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Mark Harless
Mark Harless

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Let's Study Python String Methods Using COVID-19

I went to coding boot camp where we learned Ruby as our backend language. While Ruby is nice and Ruby on Rails is amazing, let's face it, it's an endangered language in much the same way Hawaiian is. So I've spent the past two weeks learning Express. I can safely say that I dislike having to type everything out. Where's that automagic that Ruby on Rails provides?

I've finally settled on learning Python because of Flask and Django. From what I understand, Flask is much like Sinatra (I get PTSD even thinking about that) and Django is Python's Rails. Really, all I want is to be able to easily implement CRUD functionality using HTTP requests in a jiffy.

So here are some of the things I've learned with Automate the Boring Stuff with Python concerning string methods:

Uppercase and Lowercase Your Strings

spam = 'Hello Quarantined World!'
spam.upper()

# 'HELLO QUARANTINED WORLD!'
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The upper() method makes all of the characters in your string uppercase. Remember, strings in Python are immutable. This means when you call spam again you will get back 'Hello Quarantined World!'. If you want to save the new value of spam you would have to enter spam = spam.upper().

The lower() string method returns your string in all lowercase. Both of these methods are normally used when comparing two values:

name = 'McLovin'

name == 'Mclovin'
# false

name.lower() == 'mclovin'
# true
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In the above example, you can see how to use one of the functions to help compare two strings easier.

Test to See if Your Strings are Upper or Lower

The islower() function will return true if the entire string is lowercase. Conversely, isupper() will return true if the entire string is uppercase.

spam = 'I want to go outside!'

spam.islower()
# false

spam.lower().islower()
# true
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In the above examples islower() returns false because the letter "I" is in uppercase. For showing purposes, in the line below, spam.lower().islower() returns true because first we execute the lower() function which makes the entire string lowercase. Then we ask if the string is lowercase. This is called method chaining!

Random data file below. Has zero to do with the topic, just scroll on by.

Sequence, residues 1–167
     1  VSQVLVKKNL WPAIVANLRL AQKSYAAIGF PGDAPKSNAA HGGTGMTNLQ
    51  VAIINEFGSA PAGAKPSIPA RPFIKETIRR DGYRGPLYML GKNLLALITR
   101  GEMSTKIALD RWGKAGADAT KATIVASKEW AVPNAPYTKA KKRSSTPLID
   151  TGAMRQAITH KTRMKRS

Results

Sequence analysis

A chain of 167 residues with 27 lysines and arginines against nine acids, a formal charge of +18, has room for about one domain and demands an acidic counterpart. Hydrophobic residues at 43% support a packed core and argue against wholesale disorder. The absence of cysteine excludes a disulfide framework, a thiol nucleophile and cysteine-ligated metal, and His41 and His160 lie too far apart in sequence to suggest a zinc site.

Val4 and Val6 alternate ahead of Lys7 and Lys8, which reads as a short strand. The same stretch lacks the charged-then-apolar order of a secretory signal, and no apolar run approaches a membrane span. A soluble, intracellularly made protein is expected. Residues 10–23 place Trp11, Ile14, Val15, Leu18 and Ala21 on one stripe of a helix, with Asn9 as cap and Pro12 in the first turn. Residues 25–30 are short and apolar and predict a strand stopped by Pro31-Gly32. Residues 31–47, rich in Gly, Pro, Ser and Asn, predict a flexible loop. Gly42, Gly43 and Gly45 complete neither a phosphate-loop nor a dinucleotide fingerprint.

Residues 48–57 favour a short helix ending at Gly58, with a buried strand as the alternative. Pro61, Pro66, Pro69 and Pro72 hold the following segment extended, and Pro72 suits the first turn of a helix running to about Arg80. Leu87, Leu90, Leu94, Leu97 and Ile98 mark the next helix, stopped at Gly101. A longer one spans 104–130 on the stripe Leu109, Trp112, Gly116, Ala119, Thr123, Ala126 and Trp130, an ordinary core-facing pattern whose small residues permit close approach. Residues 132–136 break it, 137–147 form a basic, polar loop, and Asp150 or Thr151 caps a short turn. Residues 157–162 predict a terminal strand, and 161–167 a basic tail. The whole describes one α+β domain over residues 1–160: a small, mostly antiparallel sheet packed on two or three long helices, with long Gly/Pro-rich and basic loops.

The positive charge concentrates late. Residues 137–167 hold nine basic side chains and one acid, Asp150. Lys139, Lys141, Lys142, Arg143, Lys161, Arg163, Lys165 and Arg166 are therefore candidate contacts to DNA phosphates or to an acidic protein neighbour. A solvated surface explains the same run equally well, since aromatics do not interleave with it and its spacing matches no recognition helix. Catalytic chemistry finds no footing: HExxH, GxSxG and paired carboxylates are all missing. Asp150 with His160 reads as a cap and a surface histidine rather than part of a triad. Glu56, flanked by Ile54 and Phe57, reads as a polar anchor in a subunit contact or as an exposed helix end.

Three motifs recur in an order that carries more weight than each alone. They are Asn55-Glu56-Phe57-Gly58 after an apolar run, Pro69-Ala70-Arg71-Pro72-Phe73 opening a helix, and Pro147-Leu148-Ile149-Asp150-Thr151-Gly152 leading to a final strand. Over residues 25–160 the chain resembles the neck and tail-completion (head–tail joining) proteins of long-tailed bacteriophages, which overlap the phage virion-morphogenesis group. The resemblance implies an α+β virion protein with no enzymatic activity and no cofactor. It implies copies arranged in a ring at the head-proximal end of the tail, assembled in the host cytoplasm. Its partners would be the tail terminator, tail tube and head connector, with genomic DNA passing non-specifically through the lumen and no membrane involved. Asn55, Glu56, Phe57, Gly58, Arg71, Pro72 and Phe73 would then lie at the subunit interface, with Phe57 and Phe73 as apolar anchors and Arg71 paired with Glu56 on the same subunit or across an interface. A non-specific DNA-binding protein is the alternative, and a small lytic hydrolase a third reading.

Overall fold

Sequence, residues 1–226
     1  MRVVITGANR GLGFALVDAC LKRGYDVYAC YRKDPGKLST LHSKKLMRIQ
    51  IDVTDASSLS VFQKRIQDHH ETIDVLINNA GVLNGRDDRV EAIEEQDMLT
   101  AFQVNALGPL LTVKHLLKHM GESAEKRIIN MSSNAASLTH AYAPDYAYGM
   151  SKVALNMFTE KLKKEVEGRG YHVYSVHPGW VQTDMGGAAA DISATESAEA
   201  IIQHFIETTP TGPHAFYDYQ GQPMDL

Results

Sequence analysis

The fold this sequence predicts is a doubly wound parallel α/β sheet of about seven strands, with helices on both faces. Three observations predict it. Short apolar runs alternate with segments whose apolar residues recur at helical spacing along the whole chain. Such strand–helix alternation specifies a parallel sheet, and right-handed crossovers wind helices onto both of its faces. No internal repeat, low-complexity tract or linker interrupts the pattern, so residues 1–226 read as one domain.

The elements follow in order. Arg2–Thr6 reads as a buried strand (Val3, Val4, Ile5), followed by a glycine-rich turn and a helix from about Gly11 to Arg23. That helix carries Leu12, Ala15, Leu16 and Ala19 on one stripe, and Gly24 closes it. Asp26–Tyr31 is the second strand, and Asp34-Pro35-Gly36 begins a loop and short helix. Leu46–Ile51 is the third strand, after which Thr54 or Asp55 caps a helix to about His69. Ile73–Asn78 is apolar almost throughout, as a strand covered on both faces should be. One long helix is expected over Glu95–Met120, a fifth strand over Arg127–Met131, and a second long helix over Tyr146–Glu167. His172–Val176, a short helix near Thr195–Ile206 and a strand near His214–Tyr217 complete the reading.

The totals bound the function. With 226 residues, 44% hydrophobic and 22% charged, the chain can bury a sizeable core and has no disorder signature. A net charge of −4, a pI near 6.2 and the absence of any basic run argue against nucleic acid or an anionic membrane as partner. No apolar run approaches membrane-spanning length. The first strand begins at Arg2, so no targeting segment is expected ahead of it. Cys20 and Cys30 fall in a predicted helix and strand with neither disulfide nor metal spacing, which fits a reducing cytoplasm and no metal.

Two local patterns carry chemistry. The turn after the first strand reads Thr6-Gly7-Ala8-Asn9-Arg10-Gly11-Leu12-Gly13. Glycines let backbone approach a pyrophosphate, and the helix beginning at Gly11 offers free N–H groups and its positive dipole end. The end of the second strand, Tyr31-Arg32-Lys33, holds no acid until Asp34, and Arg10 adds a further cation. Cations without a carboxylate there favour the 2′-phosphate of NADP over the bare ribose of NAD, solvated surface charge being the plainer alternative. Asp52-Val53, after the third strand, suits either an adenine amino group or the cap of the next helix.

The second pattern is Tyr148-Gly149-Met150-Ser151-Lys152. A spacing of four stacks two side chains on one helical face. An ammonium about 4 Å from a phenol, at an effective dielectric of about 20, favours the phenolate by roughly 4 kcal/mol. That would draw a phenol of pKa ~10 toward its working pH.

Checking For Letters Only

islower() and isupper() are one many methods that begins with "is". All of them return a boolean value.

The isalpha() method checks to see if a string contains only letters (no numbers).

name = 'Kevin'

name.isalpha()
# true

fullName = 'Kevin McCallister'

fullName.isalpha()
# false
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The first one is obviously true but the second one returns false because of the whitespace in between the first and last name.

Checking For Numbers Only

year = 2020

year.isdecimal()
# true
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Checking For Letters and Numbers

pandemic = 'Covid-19'

pandemic.isalnum()
# false

pandemic = 'Covid19'

pandemic.isalnum()
# true
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Checking For Whitespace

animal = ' Pangolin'

animal.isspace()
# false

animal[0].isspace()
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In the first example above, isspace() returns false because there are letters in the string, however, animal[0].isspace() returns true because we are accessing the first index is a space.

Is This A Title?

article = 'How to Wash Your Hands'

article.istitle()
# false

article = `How To Wash Your Hands`

article.istitle()
# true
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This method is an interesting one. It will return true only if the first letter of a word is uppercase and the following character is lowercase (if it exists). The first execution of istitle() returns false because the word "to" is not "To". Also, you can turn any string into titlecase by using title()!

Starts or Ends With

toiletPaperCount = 'too much to count'

toiletPaperCount.startswith('t')
# true

toiletPaperCount.startswith('too')
# true

toiletPaperCount.endswith('ount.')
#true
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There are a whole lot more string methods to learn. If you want to know more, look into join, split, strip, rstrip, rjust, center, and replace! Learning Python has been really fun and I love seeing the differences in syntax when compared to JavaScript and even Ruby. I'll be continuing this course while blogging about it!

Stay home to stay safe!

Discussion (8)

janmpeterka profile image
Jan Peterka (he/him)

But in the article, toiletPaperCount = 'too much to count'. I guess it's a typo then

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2spacemilk profile image
Mark Harless Author

Good catch!

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janmpeterka profile image
Jan Peterka (he/him)

And it's false, isn't it? toiletPaperCount ends with ount, not ount.

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mburszley profile image
Maximilian Burszley

Check out help(str) will get you most of the way there.